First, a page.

Why should we accept the urging of the League of the South to change our buying habits?
For about the last 140 years the South has had a reputation for being a “poor” section of the United States. In a way, it is true but it has not always been so.
Before the War for Southern Independence, 1861- 1865, the South was the richest part of the country and considered the land of plenty. In fact, according to a statement made by Senator Thomas H. Benton in 1828, 33 years before The War, he said, “Under Federal legislation, the exports of the South have been the basis of the Federal revenue. Virginia, the two Carolinas, and Georgia, may be said to defray three fourths, of the annual expense of supporting the federal government, and of this great sum, annually furnished by them, nothing or next to nothing is returned to them, in the shape of Government expenditures.
You read that correctly. Four Southern states provided the federal government with 75% of its revenue. You can be sure the other seven agrarian states of the former Confederacy contributed most of the balance totaling 100%. Where did all the money go? To Northern cities, of course, to improve their public works, education and raise their standard of living.
What Happened To The Land Of Plenty?
During the War for Southern Independence the federal government of the United States instituted policies of war unheard of in that time. Southern civilians and their means of livelihood and survival were targeted for destruction. Vast areas of croplands were purposefully flooded, fields were burned, livestock butchered and left to rot. Homes, barns and other personal property were burned. What was not destroyed was stolen and carried North or used to supply the army of the U.S. government. The crimes against the Southern people and their property are numerous and fortunately, well documented.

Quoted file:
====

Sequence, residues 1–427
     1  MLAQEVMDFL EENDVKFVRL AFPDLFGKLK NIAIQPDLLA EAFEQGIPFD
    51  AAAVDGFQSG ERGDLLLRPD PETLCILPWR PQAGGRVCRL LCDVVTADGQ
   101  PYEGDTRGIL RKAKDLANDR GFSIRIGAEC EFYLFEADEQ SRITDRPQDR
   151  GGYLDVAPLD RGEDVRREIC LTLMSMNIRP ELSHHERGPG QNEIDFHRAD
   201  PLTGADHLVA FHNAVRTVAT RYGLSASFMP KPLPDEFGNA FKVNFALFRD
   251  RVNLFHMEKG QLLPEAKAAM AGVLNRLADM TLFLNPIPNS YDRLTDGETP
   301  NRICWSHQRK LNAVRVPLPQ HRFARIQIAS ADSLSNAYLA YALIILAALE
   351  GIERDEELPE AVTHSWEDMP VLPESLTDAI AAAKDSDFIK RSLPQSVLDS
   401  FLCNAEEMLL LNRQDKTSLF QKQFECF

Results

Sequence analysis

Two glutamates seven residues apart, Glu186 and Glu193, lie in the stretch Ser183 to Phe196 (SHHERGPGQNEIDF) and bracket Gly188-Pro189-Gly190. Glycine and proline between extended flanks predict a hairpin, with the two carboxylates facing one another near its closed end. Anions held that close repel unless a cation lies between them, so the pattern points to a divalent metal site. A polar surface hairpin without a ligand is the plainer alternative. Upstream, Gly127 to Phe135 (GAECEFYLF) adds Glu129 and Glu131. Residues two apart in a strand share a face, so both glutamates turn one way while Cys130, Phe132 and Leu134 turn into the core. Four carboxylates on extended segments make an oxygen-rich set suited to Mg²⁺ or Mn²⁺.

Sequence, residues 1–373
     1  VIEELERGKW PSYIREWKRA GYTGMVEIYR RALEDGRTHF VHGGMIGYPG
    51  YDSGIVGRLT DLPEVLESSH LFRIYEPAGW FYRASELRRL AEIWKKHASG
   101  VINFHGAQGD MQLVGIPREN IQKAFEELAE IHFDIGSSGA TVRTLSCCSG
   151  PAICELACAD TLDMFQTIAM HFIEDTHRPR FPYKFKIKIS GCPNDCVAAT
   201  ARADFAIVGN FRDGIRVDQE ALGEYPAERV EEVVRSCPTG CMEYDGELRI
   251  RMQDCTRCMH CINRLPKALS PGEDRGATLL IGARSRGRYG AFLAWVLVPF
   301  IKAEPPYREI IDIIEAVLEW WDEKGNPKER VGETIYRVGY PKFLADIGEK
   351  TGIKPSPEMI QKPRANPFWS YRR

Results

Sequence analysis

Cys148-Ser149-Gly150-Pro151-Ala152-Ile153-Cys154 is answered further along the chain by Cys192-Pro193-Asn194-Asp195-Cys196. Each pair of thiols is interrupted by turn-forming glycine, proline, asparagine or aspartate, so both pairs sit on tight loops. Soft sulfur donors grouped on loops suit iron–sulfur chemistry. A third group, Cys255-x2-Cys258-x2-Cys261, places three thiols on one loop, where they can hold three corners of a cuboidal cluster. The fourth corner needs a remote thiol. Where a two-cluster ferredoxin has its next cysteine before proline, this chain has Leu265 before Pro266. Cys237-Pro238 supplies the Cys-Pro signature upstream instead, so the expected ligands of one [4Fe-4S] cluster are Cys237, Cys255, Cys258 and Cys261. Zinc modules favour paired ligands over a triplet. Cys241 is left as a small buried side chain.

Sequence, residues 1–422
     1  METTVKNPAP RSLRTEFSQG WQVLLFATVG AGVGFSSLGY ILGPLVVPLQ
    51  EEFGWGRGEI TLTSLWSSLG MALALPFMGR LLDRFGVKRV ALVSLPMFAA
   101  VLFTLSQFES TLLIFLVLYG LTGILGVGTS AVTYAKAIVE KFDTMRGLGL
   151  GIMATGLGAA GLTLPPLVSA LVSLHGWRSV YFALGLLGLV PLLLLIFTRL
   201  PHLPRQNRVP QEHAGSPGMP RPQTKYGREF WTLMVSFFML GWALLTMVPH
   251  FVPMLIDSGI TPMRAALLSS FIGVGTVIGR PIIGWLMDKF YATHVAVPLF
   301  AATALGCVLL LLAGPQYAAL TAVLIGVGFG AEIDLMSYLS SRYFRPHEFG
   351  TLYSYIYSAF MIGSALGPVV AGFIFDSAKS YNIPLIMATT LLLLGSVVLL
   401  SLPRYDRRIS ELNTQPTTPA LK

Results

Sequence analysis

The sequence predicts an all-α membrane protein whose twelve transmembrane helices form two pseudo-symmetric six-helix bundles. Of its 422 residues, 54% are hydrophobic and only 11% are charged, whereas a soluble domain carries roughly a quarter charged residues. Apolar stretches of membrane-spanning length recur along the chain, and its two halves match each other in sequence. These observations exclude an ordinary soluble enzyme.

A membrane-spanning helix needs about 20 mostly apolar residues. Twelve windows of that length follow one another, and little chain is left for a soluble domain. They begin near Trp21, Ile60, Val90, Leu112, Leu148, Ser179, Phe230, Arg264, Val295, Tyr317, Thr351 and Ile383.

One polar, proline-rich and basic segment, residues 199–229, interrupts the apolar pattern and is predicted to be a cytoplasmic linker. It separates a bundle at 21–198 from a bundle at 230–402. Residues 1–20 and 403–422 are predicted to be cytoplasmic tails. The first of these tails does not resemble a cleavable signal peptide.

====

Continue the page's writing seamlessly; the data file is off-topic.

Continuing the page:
The War Continues
After the War, the South was reduced from a land of plenty to a land of dependency. What the War had left behind, 13 years of reconstruction finished off.
As an example, it took over half a century before the taxable assets of the state of Georgia surpassed their value of 1860. Some tariffs established against the South during the War were not even lifted until the 1940’s during World War II.
The 1960 United States census showed that even 100 years later after The War not a single Southern state appeared in the top fifty percent of per capita income. The 1980 census showed us that the South was still the poorest part of the country with a poverty rate 20% higher than the rest of the nation as a whole. 41% of all Americans living below poverty level live in the South. All the states with the lowest poverty rates were in the North. The 1990 census showed that the average worker in the South would make 20% – 30% less than a Northern worker for doing the exact same job! According to the Congressional Quarterly, the South is more populous and out-produces every other region of the U.S. but we are forced to do this for less pay than the rest of the nation. Those unfortunate Southerners who find themselves receiving welfare will find their payments to be 47% lower than in other states. 140 years after The War, the South still has not recovered its economic status.
Despite cries from the ignorant that The War was fought over slavery the truth is it was fought for economic, political and cultural independence. That independence has not been won yet.